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Tuesday, May 24, 2016

TOS Review - The Magic and Wonder of Math and Science Multiplying and Dividing by Sunya

hsreviews, math supplement math practice, math fact fun, math game


I have a child who is learning multiplication and division, so I have been quick to jump at any and every opportunity that helps to teach these area of mathematics. Needless to say, I was thrilled to get a chance to review Sunya - The Magic and Wonder of Math and Science Multiplying & Dividing, for ages 9+ from Sunya Publishing.


Math and Science {Sunya Publishing Review}hsreviews, math supplement math practice, math fact fun, math game

Math and Science {Sunya Publishing Review}hsreviews, math supplement math practice, math fact fun, math game
Math and Science {Sunya Publishing Review}
Math and Science {Sunya Publishing Review}hsreviews, math supplement math practice, math fact fun, math game

What is Sunya - The Magic and Wonder of Math and Science Multiplying & Dividing?

First - I was excited to discover why it is named, "Sunya". The term Sunya comes from a Sanskrit (a language of India from where our number system began). The word Sunya means, "empty, without quantity". Hence, when a player runs out of cards to win the game, he or she shouts - SUNYA!.

TWO SETS OF PLAYING CARDS:

I received a spiral-bound paperback instruction booklet and two sets of playing cards. The cards have numbers and dots representing the numerical quantity, or a Multiplication, Division or Equal Signs. There are also Wild Cards.



The main idea behind the game is to use the set of number and mathematical signs cards to form multiplication and division mathematical sentences in a card game. Whoever runs out of cards first is the winner.

The instruction book explains variations of the game, for instance playing without using 0 or 1, and game play using 1, solitaire v. team play, Sunya 400 which is played for points where the lowest number of points wins.

The other set of cards had math-related riddles and their answers that are used to get the child thinking to problem solve.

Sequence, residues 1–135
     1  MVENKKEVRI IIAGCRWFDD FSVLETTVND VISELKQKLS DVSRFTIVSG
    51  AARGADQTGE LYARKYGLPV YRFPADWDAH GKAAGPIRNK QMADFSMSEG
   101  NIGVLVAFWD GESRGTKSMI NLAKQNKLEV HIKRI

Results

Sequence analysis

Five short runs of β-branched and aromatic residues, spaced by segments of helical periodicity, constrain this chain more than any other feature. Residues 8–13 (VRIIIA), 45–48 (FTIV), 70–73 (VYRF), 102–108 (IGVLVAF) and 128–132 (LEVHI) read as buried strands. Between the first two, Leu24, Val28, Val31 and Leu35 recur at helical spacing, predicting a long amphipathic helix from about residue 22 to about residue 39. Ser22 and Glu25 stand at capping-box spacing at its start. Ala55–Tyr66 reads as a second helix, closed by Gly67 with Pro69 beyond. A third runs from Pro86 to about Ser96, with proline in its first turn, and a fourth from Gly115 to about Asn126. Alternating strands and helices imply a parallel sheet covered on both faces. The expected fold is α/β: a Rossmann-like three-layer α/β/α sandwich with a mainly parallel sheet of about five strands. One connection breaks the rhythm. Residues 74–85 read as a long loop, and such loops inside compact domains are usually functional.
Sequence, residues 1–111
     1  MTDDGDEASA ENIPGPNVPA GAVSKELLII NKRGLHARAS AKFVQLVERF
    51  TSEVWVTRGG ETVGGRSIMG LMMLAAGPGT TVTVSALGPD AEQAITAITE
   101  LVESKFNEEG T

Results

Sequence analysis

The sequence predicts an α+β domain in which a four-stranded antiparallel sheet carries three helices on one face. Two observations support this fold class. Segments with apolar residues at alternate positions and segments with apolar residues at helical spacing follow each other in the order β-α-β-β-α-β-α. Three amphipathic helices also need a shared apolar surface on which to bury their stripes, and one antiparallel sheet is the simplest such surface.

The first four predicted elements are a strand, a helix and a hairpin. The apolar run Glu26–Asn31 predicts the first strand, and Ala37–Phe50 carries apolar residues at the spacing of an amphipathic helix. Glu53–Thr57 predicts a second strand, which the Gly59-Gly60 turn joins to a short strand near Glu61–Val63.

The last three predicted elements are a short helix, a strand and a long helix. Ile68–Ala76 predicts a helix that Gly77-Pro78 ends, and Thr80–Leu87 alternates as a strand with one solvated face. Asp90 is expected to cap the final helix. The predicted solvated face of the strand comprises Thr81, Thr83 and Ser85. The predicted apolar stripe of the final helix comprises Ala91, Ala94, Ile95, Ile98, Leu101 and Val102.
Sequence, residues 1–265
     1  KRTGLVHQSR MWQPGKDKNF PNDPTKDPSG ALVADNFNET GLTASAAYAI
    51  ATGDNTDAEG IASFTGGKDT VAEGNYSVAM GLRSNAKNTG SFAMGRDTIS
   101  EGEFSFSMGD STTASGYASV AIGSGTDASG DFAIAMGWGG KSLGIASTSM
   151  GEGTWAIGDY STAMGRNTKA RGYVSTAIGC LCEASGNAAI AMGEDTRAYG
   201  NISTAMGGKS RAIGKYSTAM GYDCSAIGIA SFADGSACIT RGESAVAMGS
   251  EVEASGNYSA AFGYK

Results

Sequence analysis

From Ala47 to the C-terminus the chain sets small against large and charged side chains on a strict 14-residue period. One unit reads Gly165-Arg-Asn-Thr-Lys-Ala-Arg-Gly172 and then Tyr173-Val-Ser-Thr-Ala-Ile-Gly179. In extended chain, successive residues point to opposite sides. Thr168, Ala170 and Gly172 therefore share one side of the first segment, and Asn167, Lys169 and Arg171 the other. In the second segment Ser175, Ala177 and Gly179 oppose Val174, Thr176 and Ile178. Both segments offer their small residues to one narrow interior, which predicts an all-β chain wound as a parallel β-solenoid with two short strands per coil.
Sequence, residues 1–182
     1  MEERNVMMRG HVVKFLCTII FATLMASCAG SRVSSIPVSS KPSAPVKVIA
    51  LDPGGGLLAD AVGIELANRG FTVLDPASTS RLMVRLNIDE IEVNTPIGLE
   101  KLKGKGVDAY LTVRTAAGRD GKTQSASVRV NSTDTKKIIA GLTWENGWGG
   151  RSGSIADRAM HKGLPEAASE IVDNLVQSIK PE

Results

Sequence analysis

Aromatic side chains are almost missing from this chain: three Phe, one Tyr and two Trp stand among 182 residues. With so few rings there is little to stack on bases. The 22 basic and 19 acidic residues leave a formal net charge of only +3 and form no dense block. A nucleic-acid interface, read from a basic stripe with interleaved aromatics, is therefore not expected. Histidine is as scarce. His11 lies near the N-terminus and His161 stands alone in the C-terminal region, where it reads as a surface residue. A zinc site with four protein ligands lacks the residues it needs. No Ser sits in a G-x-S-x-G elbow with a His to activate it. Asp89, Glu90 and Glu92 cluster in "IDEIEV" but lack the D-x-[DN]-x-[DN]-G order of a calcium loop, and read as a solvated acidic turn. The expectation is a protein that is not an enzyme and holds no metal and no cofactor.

The riddle cards were our favorite:








It also included a handy-dandy number line with instructions on how to use it to help in figuring multiplication and division problems:


The instruction booklet also has a page of Famous Math Quotes which were fun to read through.One of my favorites was from Jacques Salomon Hadamard (1865-1963):

To parents who despair because their children are unable to master the first problems in arithmetic I can dedicate my examples. For, in arithmetic, until the seventh grade I was last or nearly last.


and from Albert Einstein:

Do not worry about your difficulties in mathematics; I assure you that mine are greater.
How Did We Use It?

The card game is intended for those ages 9+, so I knew it was a bit of a stretch to use it with my 9-year-old who is new to multiplying and dividing and has really struggled with the concepts, but I wanted to give it a try. I read through the instruction booklet and set up the playing area and soon discovered how challenging it really was for a child who was still learning multiplication and division. So, I changed my game plan and focused on the riddle cards, which we had a lot of fun with. I then decided that it would better serve us to simply use the cards to make number sentences and not in a competitive play until she is able to get really good at multiplying and dividing and able to keep up in the intended game.




What Did We Think?

The instruction booklet was sent to me with some pages printed in black and white and some in color. This was done for the purpose of finding out what I, as a reviewer, preferred. As odd as it may sound, I'm really not sure. While I typically prefer color, and the color pages were certainly pleasant to the eyes, I thought the black and white printed pages were sufficient in explaining the rules, especially since you would be able to see a variation in shades of gray when necessary such as when showing pictures of cards in play.

It is appropriately labeled for ages 9+. I found it to be a game of skill that honestly even challenged me a bit to think through the game play, which is a fun competition for those of us who already know the times tables and how to divide. Since my youngest is struggling with these concepts, the game play was a bit of a struggle for us. My daughter is not yet adept in this level of math, though it would probably make a great card game for teens and adults as I found it to be more of a game of skill than an educational learning game. Maybe if we would try the Addition and Subtraction version, it would have felt more like something we could tackle to give her a boost of confidence at this phase in learning.

Still, we did have fun with the riddle cards as we experienced each and every one with me reading them aloud and her trying to figure out the answer, and I found the number line sheet to be a useful learning tool. I also thoroughly enjoyed reading about the history of the term, "mathematics" and how the number system we use today came about.

Read what other members of the TOS Review Crew thought by clicking on the picture below:

Math and Science {Sunya Publishing Review}


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